A paisa chef shines with three Michelin stars

A paisa chef shines with three Michelin stars

There is a moment, of the 21 on the ElCielo Miami tasting menu, where the geography of Antioquia is transformed into the plate: the mountains and the moors are in sesame cassava leaf powder, mandarin lemon gel, notes of vanilla and josper beans. The ribs appear in a white fish cooked at a low temperature, covered with an air of paramo honey. They suggest putting the sauce on the fish.

The creation is signed Juan Manuel Barrientos and his team, who received two Michelin stars in just one month, one for El Cielo Miami and the other for El Cielo Washington. In one year, there are in fact three: that of Washington, it is the second time.

For a chef, a Michelin star has the same meaning as receiving an Oscar for an actor: the highest exaltation of his work.

The commitment to Colombian cuisine, starting from a tasting menu, was born in Medellin 15 years ago, as a recognition of the roots of the country’s cuisine.

Juan Manuel, who started cooking as a hobby, is part of a new generation of chefs who are putting Colombia on the world map of gastronomy. Just a month ago, chef Leonor Espinosa was voted the best female chef in the world in the ranking The 50 best in the world, and already in 2017 she had been the best female chef in Latin America, in addition to the recognitions she obtained with her restaurant Leo.

About this moment that he lives both as a chef, businessman and entrepreneur, Barrientos, in a conversation with EL COLOMBIANO, says that after the celebration, all that remains is to work as he always did, “because we love what we do and that’s how we celebrate it, by working”.

What’s the difference between the Michelin star ElCielo Washington received in May and Miami’s a week ago?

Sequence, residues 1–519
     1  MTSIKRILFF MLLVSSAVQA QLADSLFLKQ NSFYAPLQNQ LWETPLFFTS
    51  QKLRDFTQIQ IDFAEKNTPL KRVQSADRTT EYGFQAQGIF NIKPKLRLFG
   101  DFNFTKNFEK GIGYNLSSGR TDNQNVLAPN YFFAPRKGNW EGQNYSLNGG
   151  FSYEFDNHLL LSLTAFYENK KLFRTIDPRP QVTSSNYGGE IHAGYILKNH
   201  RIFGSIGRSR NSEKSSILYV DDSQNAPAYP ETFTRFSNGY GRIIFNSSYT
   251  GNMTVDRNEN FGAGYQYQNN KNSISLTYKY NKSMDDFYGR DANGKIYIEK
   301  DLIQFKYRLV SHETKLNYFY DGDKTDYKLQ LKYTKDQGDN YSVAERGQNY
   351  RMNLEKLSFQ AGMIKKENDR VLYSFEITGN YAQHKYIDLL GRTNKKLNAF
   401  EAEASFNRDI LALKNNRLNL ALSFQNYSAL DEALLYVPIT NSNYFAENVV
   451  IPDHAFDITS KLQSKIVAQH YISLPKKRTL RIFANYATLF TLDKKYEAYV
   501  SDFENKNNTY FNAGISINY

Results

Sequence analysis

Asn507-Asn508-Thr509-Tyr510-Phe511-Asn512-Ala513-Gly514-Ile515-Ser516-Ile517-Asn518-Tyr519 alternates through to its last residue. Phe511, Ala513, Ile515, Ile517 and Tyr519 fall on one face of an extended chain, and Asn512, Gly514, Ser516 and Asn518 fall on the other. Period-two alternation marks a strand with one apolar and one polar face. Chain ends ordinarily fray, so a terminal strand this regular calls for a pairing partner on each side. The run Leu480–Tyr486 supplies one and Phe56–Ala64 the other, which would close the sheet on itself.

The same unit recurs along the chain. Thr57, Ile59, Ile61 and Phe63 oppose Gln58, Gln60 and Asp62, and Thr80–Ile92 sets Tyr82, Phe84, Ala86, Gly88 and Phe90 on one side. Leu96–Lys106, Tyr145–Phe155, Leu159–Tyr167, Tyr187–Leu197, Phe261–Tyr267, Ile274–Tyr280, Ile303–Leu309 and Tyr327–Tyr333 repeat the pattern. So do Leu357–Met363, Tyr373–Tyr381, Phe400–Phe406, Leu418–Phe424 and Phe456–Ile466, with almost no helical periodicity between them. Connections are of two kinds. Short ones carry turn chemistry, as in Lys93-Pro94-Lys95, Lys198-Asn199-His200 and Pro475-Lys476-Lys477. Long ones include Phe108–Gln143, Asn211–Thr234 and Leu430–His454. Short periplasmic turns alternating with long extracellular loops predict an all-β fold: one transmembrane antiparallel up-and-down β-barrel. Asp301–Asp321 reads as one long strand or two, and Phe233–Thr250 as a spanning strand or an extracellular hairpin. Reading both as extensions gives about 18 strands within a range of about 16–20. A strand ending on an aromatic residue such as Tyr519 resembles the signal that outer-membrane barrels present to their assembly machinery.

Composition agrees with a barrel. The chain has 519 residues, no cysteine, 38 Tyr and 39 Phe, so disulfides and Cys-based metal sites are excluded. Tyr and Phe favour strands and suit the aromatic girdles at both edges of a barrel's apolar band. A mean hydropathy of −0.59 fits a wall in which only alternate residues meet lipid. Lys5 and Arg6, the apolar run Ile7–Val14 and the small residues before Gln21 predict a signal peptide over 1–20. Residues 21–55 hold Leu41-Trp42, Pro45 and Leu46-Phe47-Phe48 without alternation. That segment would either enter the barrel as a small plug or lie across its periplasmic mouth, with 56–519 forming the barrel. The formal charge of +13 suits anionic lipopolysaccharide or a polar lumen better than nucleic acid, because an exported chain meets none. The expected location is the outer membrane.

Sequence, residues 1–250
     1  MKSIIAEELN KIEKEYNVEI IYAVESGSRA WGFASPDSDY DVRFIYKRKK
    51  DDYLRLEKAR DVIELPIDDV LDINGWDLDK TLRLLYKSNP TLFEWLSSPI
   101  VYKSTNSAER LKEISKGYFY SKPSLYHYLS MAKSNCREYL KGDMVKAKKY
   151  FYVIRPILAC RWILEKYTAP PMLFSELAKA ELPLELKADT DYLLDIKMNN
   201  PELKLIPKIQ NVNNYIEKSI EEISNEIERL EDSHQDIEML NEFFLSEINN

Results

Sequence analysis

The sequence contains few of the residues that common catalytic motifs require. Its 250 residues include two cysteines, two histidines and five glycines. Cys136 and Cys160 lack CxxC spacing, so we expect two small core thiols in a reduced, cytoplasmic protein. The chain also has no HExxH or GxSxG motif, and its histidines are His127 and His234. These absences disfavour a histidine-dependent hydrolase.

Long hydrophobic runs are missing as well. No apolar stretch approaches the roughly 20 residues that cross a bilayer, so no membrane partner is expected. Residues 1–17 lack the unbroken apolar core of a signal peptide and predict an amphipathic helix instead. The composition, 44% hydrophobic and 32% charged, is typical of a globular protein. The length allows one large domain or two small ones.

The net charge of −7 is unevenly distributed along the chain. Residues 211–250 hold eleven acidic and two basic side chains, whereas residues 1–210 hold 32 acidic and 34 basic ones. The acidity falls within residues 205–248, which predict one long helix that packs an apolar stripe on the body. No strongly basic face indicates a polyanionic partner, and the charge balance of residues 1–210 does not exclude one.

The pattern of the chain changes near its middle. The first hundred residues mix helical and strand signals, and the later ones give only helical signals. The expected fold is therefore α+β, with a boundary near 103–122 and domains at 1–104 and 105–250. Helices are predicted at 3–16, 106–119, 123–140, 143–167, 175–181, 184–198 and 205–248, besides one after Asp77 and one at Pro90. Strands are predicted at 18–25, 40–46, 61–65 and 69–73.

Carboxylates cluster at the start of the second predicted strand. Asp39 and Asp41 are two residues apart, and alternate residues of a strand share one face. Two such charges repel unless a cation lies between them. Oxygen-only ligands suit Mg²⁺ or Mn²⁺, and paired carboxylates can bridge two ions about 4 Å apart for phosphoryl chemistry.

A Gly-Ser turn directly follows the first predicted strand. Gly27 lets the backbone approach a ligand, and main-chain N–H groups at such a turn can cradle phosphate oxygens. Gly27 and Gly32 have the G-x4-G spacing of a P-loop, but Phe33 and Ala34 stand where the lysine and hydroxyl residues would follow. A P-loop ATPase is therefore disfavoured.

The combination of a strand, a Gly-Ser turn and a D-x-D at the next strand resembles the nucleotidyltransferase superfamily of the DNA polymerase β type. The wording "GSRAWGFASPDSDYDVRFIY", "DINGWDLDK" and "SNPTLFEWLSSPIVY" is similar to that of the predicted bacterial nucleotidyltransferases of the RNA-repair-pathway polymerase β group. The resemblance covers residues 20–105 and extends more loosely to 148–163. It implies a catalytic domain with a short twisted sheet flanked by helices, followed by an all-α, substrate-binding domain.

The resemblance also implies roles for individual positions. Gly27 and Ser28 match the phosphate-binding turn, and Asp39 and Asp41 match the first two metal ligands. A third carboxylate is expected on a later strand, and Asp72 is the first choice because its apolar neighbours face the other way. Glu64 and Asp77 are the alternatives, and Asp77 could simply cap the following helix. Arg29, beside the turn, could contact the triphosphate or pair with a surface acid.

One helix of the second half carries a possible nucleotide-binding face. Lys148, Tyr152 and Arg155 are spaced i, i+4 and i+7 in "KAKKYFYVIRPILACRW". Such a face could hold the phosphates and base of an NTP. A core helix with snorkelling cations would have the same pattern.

“It’s the same distinction even though the two challenges were completely different. In Washington we opened with covid a year and a half ago, at that time we could only serve 10 or 12 people, three times a week. Then we had to close twice and could only open for periods of 20 days. While we hadn’t been on full service for three months, we learned that we had earned the star,

The one in Washington was a very different challenge from the others, because we were in a totally unknown city for us and we were even more unknown, and we still managed to make a name for ourselves and be recognized. And although we had already been working in Miami for seven years, it was also complicated, because when we arrived in 2015 we did so with a proposal out of the context offered by the city, we bet on Colombian cuisine and a tasting menu. Entering Miami with this concept was rarer and more complex than what happened to us in Medellín in 2007 when we first opened.

What has Michelin highlighted in its restaurants?

“It’s a whole that includes the gastronomic proposal, the authenticity, the flavors, the staging, the techniques, the cooking points. The stars don’t renew them, they give them every year, that’s why I say we celebrate a day and work 364 days to maintain this excellence and consistency to maintain these stars”.

Is it complex to make the diner fall under the charm of the proposal of a tasting menu?